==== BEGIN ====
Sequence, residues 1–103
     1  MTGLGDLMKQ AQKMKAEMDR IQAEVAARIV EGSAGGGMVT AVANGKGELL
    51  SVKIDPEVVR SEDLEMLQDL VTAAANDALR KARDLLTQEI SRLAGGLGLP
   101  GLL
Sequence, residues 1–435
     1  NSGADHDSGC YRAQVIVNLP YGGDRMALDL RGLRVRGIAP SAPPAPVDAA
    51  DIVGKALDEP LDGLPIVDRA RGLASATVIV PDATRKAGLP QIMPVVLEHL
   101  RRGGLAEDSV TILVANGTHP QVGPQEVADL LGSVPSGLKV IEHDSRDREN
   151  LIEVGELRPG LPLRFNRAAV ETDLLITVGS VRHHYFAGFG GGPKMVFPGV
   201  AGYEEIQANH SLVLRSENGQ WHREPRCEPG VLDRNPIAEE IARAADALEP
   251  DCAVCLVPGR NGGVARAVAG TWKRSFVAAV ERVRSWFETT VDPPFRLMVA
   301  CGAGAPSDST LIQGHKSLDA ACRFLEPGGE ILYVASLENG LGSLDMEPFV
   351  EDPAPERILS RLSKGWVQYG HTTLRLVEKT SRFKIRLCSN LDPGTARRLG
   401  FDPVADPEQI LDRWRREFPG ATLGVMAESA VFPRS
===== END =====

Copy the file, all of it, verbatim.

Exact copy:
Sequence, residues 1–103
     1  MTGLGDLMKQ AQKMKAEMDR IQAEVAARIV EGSAGGGMVT AVANGKGELL
    51  SVKIDPEVVR SEDLEMLQDL VTAAANDALR KARDLLTQEI SRLAGGLGLP
   101  GLL
Sequence, residues 1–435
     1  NSGADHDSGC YRAQVIVNLP YGGDRMALDL RGLRVRGIAP SAPPAPVDAA
    51  DIVGKALDEP LDGLPIVDRA RGLASATVIV PDATRKAGLP QIMPVVLEHL
   101  RRGGLAEDSV TILVANGTHP QVGPQEVADL LGSVPSGLKV IEHDSRDREN
   151  LIEVGELRPG LPLRFNRAAV ETDLLITVGS VRHHYFAGFG GGPKMVFPGV
   201  AGYEEIQANH SLVLRSENGQ WHREPRCEPG VLDRNPIAEE IARAADALEP
   251  DCAVCLVPGR NGGVARAVAG TWKRSFVAAV ERVRSWFETT VDPPFRLMVA
   301  CGAGAPSDST LIQGHKSLDA ACRFLEPGGE ILYVASLENG LGSLDMEPFV
   351  EDPAPERILS RLSKGWVQYG HTTLRLVEKT SRFKIRLCSN LDPGTARRLG
   401  FDPVADPEQI LDRWRREFPG ATLGVMAESA VFPRS